United Kingdom / Analyst Insights
2018 Spring Statement

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by Cristina Dumitru & Gaetana Mak, Industry Analysts
Mar 14 2018

In this special report, IBISWorld discusses the Spring Statement 2018.

The Spring Statement of 13 March 2018 was in many ways a restatement, discussing policy objectives outlined in the Autumn Budget, and it did not deliver any new funding announcements. Nevertheless, funding allocation has progressed and, in this report, IBISWorld identifies several key issues outlined by the Chancellor likely to directly affect UK industries. These are: Skilled labour; Apprenticeships and small businesses; Residential housing; The green economy and the digital revolution.

Skilled labour, apprenticeships and small businesses

The Chancellor took the opportunity to address the issue of skilled labour and champion the smaller businesses in the economy. With newly qualified T-level graduates on the horizon, the government pledged £80 million to help small firms roll out placements for the influx of young, fresh talent. The first three T-levels in Digital, Construction, and Education and Childcare were announced in October 2017 by the Education Secretary Justine Greening.

In addition, in the following month, a £29 million construction fund will open for bids to fund up to 20 construction skills villages across the country.

Industries most affected: 
F – The Construction Sector
J62.010 – Software Development in the UK
P85.410 – Technical & Vocational Education in the UK

Residential housing

The Spring 2018 Statement shows how the government is aiming to address the persistent undersupply of housing currently plaguing the nation. Plans to build an average of 300,000 new homes each year by the mid-2020s are well under way after investment in residential construction was increased to £44 billion in the last Autumn statement.

So far, £4.1 billion of the Housing Infrastructure Fund has been allocated to 44 successful bidding local authorities. In addition, the Housing Growth Partnership, which provides financial assistance to smaller residential construction firms, has been doubled to £220 million.

Further, with the mismatch of supply and demand growing in the capital, London has been allocated £1.67 billion to construct an additional 27,000 affordable homes by the end of 2021-22.

Industries most affected: 
F41.202 – Residential Building Construction in the UK
F43.999 – Bricklaying & Other Specialised Construction Services in the UK
G46.730 – Construction Supplies Wholesaling in the UK

Going green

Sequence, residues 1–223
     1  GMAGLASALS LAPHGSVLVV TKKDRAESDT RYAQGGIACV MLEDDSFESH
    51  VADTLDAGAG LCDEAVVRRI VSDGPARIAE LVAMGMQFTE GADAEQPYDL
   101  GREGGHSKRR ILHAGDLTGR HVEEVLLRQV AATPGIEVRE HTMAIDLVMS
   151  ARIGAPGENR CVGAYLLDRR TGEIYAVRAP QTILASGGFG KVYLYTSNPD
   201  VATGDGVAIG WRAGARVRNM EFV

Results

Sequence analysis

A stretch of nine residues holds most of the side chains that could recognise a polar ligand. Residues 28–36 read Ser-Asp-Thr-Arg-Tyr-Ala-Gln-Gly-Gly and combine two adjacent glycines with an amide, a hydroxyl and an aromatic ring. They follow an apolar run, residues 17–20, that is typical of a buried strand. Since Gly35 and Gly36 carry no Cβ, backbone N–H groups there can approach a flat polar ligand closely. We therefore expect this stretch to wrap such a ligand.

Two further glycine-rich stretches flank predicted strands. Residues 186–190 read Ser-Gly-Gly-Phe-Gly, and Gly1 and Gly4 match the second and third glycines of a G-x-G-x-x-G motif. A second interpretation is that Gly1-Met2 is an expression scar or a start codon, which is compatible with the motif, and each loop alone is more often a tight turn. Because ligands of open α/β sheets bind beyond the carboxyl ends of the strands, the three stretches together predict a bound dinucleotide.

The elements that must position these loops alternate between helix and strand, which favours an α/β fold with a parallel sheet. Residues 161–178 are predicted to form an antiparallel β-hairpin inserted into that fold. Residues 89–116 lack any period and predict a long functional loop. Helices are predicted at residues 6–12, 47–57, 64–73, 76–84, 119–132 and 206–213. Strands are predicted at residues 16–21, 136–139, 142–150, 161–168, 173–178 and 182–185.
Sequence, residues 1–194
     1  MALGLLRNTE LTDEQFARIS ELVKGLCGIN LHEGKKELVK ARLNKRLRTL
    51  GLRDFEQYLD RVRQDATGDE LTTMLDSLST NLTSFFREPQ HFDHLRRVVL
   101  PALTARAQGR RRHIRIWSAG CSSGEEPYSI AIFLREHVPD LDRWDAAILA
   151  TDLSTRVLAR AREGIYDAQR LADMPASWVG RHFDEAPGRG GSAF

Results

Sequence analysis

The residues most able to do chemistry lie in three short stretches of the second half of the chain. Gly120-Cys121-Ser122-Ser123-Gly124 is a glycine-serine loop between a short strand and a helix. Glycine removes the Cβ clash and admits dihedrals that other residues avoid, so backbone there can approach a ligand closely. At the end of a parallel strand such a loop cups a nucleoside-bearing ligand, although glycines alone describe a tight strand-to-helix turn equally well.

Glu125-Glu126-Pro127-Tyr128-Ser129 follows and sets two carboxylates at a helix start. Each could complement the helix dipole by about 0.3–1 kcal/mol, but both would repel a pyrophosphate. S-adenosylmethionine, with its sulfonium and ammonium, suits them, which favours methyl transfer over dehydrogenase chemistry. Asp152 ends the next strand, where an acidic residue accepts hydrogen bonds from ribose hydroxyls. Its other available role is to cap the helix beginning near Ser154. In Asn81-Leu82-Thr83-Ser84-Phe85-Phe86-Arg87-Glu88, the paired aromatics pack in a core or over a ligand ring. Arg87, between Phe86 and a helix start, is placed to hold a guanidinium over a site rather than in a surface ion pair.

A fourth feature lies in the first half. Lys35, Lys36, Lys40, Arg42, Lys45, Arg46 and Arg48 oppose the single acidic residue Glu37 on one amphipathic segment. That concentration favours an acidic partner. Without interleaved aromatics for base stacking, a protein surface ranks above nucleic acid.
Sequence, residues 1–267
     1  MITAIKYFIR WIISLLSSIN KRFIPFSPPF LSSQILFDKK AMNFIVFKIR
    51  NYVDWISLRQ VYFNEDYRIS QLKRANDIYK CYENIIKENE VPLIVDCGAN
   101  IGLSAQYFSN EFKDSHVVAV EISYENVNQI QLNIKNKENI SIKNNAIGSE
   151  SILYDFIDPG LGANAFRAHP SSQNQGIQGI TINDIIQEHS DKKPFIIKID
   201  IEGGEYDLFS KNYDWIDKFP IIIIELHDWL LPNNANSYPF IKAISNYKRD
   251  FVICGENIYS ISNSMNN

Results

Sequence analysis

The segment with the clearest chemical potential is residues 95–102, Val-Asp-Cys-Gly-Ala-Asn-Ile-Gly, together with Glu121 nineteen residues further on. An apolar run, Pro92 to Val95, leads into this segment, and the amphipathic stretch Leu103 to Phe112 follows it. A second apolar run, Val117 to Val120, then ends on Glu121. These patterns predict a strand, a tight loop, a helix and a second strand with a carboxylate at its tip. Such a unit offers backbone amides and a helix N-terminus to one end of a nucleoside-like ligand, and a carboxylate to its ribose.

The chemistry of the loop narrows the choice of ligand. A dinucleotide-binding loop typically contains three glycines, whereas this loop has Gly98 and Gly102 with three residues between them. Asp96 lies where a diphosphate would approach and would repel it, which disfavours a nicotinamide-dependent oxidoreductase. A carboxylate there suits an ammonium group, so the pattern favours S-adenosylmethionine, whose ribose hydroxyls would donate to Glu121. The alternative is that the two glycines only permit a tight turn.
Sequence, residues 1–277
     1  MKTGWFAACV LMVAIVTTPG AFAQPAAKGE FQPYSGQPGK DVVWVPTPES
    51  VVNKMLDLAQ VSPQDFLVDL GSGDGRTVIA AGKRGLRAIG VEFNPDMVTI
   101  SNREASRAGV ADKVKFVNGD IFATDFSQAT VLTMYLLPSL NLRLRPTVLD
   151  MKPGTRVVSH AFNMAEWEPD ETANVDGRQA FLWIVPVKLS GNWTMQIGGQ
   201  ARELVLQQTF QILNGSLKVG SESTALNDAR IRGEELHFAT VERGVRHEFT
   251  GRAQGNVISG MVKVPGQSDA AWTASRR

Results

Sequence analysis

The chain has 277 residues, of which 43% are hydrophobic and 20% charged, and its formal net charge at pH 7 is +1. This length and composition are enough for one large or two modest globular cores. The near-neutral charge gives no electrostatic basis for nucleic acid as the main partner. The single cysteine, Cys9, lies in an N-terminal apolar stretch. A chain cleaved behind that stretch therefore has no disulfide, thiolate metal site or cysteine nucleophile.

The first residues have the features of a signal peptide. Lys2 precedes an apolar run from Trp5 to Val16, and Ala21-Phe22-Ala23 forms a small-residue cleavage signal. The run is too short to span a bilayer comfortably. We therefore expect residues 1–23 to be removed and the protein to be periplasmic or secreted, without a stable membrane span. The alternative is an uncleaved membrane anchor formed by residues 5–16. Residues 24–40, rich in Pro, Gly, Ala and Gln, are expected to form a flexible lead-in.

Single-use plastic

Single-use plastics are commonly found in everyday objects from the coffee cups picked up in the morning, to the take-away containers piling up after dinner. According to Defra, in 2016, 71.4% of UK packaging waste was either recycled or recovered. However, the remaining 29.6% is left to pollute the environment.

The government has taken the opportunity to reinforce its commitment to the green agenda at this Spring Statement by launching a public consultation on how best to use the tax system to encourage the responsible use of plastic, while incentivising the creation of new, greener products and services. The consultation is now open and is set to close at 11:59pm on 18 May 2018.

In addition to the consultation, the government has committed a further £20 million from existing budgets to be granted to businesses and universities for research on ways to reduce the environmental impact of plastics. Such funding could support the development of bioplastics, which has been a key trend recently in the Plastic Packing Goods Manufacturing industry.

Vehicle excise duties (VED)

The Chancellor revealed plans to cut VED rates on low emission light commercial vehicles (LCV) or vans. Currently, LCVs pay a flat tax of £140 annually, irrespective of their emission levels. The consultation is due to commence over the coming months, with the extent of VED cuts yet to be confirmed.

Industries most affected: 
C29.100 – Motor Vehicle Manufacturing in the UK 
H49.410 – Freight Road Transport in the UK
C22.220 – Plastic Packing Goods Manufacturing in the UK

Digital economy

A fully connected nation is in sight. The first wave of £95 million from the £190 million Challenge fund has been allocated towards the development and rollout of faster and more reliable broadband across 13 areas in the country. As a result, companies in the Electricity and Telecommunications Infrastructure Construction industry are likely to see an increase in demand.

In addition to this, the Chancellor confirmed that £25 million from the National Productivity Investment Fund (NPIF) will be used for a series of 5G testbeds to assess potential impact and benefits for rural communities, tourism and health care across the public and private sectors. 5G networks are expected to become available from 2021, which is anticipated to increase competition between fibre-optic cable manufacturers and wireless telecommunication carriers.

Industries most affected:
C27.310 – Fibre-Optic Cable Manufacturing in the UK
F42.220 – Electricity & Telecommunications Infrastructure Construction in the UK
J61.200 – Wireless Telecommunications Carriers in the UK

For a printable PDF of 2018 Spring Statement, click here.

For more information on these, or any of the UK’s 400 industries, log on to www.ibisworld.co.uk, or follow IBISWorldUK on Twitter.